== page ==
Some had wheels which flipped, but these needed to be pushed or pulled. Some of the early 19th-century push toy trains were made of tinplate, like the large, durable, stylized locomotive toys in the U.S., that were painted gold and red and decorated with hearts and flowers. model trains exhibition melbourne
Around 1875, technological advancements in materials and manufacturing enabled tin to be stamped, cut, wrapped, and lithographed faster than ever before.
Toy trains were revolutionized when Märklin, a German firm which specialized in doll house accessories, sought to create an equal toy for boys in which a constant revenue stream could be guaranteed by purchasing add-on accessories for decades after the initial purchase. Along with boxed sets containing a train and track, Märklin offered additional track, rolling stock, and buildings sold separately, creating the predecessor to the modern model train layout featuring scenery and buildings along with an operating train.
Electric trains adopted, with the first appearing in 1897, produced by the U.S. company Carlisle & Finch. As residential use of power became more common in the early 20th century, electrical trains gained popularity and as time went on, these electrical trains grew in sophistication, gaining light, the ability to change direction, to emit a whistling noise, to smoke, to remotely couple and uncouple cars as well as load and unload cargo. Toy trains from the first half of the 20th century were often made of lithographed tin; later trains were frequently made mostly of plastic.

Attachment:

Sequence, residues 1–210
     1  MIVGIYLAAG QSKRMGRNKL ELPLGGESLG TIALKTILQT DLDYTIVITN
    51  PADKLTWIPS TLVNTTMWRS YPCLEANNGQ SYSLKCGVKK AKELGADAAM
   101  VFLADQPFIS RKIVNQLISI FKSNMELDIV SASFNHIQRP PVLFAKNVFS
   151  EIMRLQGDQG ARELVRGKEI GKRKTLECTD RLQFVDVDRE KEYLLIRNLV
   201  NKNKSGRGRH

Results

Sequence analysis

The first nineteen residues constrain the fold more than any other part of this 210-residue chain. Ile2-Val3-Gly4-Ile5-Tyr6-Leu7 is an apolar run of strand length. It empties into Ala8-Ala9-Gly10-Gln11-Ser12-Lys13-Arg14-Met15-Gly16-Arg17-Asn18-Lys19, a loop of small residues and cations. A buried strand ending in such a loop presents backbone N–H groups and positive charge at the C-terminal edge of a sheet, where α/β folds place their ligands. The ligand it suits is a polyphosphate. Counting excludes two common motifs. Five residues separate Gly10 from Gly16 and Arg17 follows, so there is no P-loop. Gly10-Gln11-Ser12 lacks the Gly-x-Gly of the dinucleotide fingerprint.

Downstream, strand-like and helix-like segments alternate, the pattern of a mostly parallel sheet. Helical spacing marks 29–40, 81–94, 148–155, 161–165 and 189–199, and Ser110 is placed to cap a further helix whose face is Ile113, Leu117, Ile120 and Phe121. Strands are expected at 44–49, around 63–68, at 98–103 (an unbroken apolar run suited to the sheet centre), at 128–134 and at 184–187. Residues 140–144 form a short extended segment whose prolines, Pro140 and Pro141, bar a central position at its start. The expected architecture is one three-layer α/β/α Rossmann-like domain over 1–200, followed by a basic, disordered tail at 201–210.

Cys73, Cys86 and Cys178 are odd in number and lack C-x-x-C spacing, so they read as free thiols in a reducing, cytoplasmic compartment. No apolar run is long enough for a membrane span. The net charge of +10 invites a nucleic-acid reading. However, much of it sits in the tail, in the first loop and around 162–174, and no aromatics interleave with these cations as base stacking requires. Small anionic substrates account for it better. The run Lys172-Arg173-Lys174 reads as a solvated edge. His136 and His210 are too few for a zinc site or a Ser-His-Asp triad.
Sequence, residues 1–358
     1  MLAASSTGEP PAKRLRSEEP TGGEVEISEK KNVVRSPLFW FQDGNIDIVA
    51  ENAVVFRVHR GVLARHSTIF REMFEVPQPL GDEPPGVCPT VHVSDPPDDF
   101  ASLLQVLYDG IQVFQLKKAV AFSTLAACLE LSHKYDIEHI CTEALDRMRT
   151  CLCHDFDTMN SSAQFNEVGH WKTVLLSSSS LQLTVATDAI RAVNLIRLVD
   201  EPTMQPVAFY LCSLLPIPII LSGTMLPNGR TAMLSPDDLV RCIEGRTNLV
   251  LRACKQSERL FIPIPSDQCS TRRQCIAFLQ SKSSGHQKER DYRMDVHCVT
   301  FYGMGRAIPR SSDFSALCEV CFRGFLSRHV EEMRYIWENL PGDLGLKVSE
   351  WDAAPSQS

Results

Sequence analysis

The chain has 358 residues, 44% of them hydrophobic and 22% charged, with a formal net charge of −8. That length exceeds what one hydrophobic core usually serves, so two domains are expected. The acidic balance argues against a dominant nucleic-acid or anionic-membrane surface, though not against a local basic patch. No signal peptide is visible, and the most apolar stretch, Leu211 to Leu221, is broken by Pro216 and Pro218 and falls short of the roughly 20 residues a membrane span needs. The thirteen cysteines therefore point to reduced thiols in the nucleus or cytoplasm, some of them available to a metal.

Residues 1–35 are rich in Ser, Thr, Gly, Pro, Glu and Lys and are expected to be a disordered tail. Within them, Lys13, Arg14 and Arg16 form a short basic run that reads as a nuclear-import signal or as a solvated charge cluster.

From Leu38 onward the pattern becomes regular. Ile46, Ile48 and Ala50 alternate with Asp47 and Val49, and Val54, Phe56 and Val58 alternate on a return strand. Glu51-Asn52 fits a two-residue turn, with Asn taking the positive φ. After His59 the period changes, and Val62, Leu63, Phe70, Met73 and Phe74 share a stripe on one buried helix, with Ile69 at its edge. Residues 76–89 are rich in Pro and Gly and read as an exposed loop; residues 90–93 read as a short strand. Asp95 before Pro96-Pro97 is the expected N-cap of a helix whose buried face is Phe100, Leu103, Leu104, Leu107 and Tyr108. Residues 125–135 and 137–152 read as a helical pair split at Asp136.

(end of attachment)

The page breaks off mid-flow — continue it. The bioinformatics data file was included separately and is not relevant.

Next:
Before the 1950s, there was little differentiation between toy trains and model railroads–model railroads were toys by definition. Pull toys and wind-up trains were marketed by kids, while electric trains were marketed towards teens, particularly teenaged boys. It was during the 1950s that the modern emphasis on realism in model railroading began to catch on. Consumer interest in trains as toys waned in the late 1950s, but has undergone resurgence since the late 1990s due in large part to the popularity of Thomas the Tank Engine.
Now, S gauge and O gauge railroads continue to be considered toy trains even by their adherents and are often accessorized with semi-scale model buildings by Plasticville or K-Line (who owns the rights to the Plasticville-like buildings created by Marx in the 1950s into the 1970s). However, due to their high price, one is more likely to find an HO scale or N scale train set in a toy shop than a O scale collection.
Many modern electric toy trains comprise sophisticated electronics which emit digitized sound effects and permit the operator to safely and easily run several remote controller trains on one loop of course. In the last few decades, many toy rail operators will operate a train using a TV camera at the front of the engine and hooked up to a display, such as pc monitor. This will show a picture, like that of a real (smaller size) railroad.
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